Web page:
Undeterred by violence
Iraqi foreign minister, Houchiar Zibari, spoke to Al-Ahram Weekly as his country was mourning a day of violence
Arab countries may take small steps towards reform and even smaller ones to resolve acute regional problems, Dina Ezzat follows pan-Arab efforts to grapple with a region in turmoil, and interviews the interim foreign minister of Iraq
Iraqi Foreign Minister Houchiar Zibari was in his hotel room in Cairo on Monday morning, getting ready to take part in an Arab foreign ministers meeting, when he learned of the horrifying explosions in Karbala and Baghdad. By the time Zibari had taken his seat in the Grand Hall of the Arab League, dozens of Iraqi civilians had already been announced dead and wounded with no clear indication of who was behind the attacks. "This was really shocking and horrifying news. This is not what the Iraqi people deserve. Innocent Iraqi men and women do not deserve to be subjected to this," Zibari told Al-Ahram Weekly.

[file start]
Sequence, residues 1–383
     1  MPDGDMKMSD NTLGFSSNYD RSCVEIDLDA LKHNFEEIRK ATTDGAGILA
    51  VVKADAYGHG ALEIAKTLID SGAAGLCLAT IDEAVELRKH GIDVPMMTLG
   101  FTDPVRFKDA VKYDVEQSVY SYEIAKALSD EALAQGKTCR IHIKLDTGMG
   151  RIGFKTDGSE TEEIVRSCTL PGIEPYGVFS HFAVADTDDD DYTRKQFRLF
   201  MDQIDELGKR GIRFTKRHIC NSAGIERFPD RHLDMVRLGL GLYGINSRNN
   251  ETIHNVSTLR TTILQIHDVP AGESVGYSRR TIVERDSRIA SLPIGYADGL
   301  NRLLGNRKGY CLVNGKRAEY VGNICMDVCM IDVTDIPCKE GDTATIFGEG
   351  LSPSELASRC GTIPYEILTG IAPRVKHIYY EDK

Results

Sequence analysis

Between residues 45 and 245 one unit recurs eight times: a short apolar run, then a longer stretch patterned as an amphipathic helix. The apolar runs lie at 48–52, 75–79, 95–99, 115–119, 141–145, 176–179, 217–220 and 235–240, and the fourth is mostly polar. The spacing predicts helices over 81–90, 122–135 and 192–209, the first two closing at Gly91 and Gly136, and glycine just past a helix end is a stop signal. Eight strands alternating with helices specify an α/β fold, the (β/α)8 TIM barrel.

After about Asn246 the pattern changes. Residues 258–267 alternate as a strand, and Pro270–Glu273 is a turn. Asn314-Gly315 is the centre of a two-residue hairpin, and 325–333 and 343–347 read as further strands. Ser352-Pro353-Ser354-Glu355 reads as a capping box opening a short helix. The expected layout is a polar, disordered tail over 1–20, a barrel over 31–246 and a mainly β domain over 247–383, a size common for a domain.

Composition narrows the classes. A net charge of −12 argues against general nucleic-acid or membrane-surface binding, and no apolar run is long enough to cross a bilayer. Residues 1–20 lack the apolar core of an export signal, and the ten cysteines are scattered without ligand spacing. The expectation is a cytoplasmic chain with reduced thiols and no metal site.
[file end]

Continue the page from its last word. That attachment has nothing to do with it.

Speaking to the Weekly in an exclusive interview at the Cairo headquarters of the Arab League, Zibari did not seem particularly alarmed or concerned over the political future of Iraq, however. "This is very sad but it is a conflict that we have to go through. It is a conflict between two wills: the will to turn the page on the past and work hard to build our new free, stable and democratic Iraq and the will to keep the past alive and to maintain an atmosphere of violence and conspiracy," he said.